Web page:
10 Benefits of Using Images in Blogs I have always told my clients that every blog post needs to have at least one image, and I stick to that rule myself. I even go so far as to set up a separate field for the "primary post image" in my Drupal website installations so that an image must be uploaded. (That also has the benefit of giving the website a specific image associated with that blog post for slideshows and other displays.) I usually mention that images help generate interest in your content, but don't go into a lot of detail unless asked regarding all the reasons for including an image. So, here are ten benefits that I see to making sure that every time you write a blog post, you include at least one great image. 1. As I mentioned above, when I set up a Drupal site for a client, I include a separate field for the image so that I can use that field and image to reference the blog post elsewhere. 2. 3. 4. Another aspect to images is that they can introduce your topic. 5. 6. 7. 8. Images are excellent for SEO. 9. 10.
How do I go about blogging? SmartBlogs If there is one thing that social media in education has taught me, it is: Never answer for someone else’s need to know! In a world of discussions using tweets and posts, there is an audience for discussion on any level of experience on any given subject. The subjects that I deal with most often involve education, social media or social media in education. The posts and tweets I ponder the most are those that deal with the very basics of these subjects. I always worry if a basic explanation is just too basic for an audience of professionals. I too often make an assumption that what I am about to write in my post is too basic, and therefore no one will have any interest. Doing that first post is the biggest hurdle for most bloggers. However one gets there, the ultimate final step is to create a personal blog. Creating the blog is the most work one will need to do. Reflecting and writing should be reward enough, but any idea not shared is just a passing thought.
Blogs as Reflective Writing Tools | M's Secondary Special Study Blog Blogging is an activity which has exploded into the mainstream over the last seven or eight years. Blogs are personal websites, but designed so as to provide a chronological list of posts, somewhat like a journal. They are used by politicians, professional journalists, political activists, policemen, taxi drivers, pupils and a wide range of people between, providing a broad patchwork of opinions and views on life, society and the world. Blogs are used increasingly in education, both as teaching tools and as learning tools. They are excellent tools for reflection. What is so special about blogging that sets it apart from what one might call ‘normal’ writing? Secondly, blogging provides one with ‘paid-up’ membership of an exciting world-wide, on-line community. Ahlness (in Bryant, 2007:11) has claimed that “Never in 25 years of teaching have I seen a more powerful motivator for writing than blogs. Anthropologist Fox (2004:226) has suggested that “… cyberspace is a disinhibitor. Like this:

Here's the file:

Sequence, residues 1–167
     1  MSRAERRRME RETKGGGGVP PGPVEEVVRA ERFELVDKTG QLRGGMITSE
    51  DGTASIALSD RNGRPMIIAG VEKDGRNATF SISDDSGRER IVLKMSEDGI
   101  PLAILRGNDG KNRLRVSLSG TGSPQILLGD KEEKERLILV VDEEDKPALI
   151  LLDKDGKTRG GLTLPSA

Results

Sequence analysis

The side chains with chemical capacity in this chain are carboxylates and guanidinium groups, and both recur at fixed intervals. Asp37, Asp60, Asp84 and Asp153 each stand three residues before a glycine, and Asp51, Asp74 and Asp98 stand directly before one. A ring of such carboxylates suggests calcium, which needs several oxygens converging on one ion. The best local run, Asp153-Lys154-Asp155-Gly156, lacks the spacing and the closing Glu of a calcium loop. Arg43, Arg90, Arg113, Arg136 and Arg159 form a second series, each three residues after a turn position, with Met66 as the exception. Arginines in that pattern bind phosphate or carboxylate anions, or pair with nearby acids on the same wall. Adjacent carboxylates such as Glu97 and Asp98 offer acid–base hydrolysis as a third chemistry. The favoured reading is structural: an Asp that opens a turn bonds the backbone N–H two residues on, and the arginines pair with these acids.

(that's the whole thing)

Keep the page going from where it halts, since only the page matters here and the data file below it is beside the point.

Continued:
9 unforgivable blogging offenses Blogs provide an excellent platform to engage with customers. WordPress blogs reach more than 70 million readers, and Tumblr blogs reach up to 39 million. With numbers like those, you can see how important a blog can be, both as an extension of a business site and as a stand-alone destination. But many bloggers make basic errors that lessen their blogs' effectiveness. Review the following list of nine unforgivable blogging offenses to make sure you are not committing any of them. 1. Problem: Your blog is a horrible dense block of text with no breaks, bullet points, headings or graphics. Organizing your blog posts into sections and including bullet points, subheadings, numbers, and graphics not only makes your post easier to construct, but also makes for a much easier and appealing read. Consider all the blogs you admire and follow. Dense posts do not work. 2. Problem: Your blog post is a rambling mess of inaccurate information and lazy writing even you cannot bear to reread. 3. 4. 5. 6.
…and this is why teachers should have blogs I have been a big advocate of blogging for teachers, but not until I started doing it myself. Personally, I realized that the time I take to sit down and reflect on what I do, what I read, or what I observe has really helped my own path as an educator and an administrator. Sometimes, for my own clarification, I go back and read my own blog to look at what I have done and how I can continuously work on it to improve. This transparent way of learning is something that I believe can not only improve the teaching profession as a whole (for example, take a look at the conversation on this Pernille Ripp post from today), but is something that could really improve learning for our students. Dean Shareski talked about this in his article entitled, “How to Make Better Teachers“, and the one word he used for his answer was “blogging”. I’ve yet to hear anyone who has stuck with blogging suggest it’s been anything less than essential to their growth and improvement.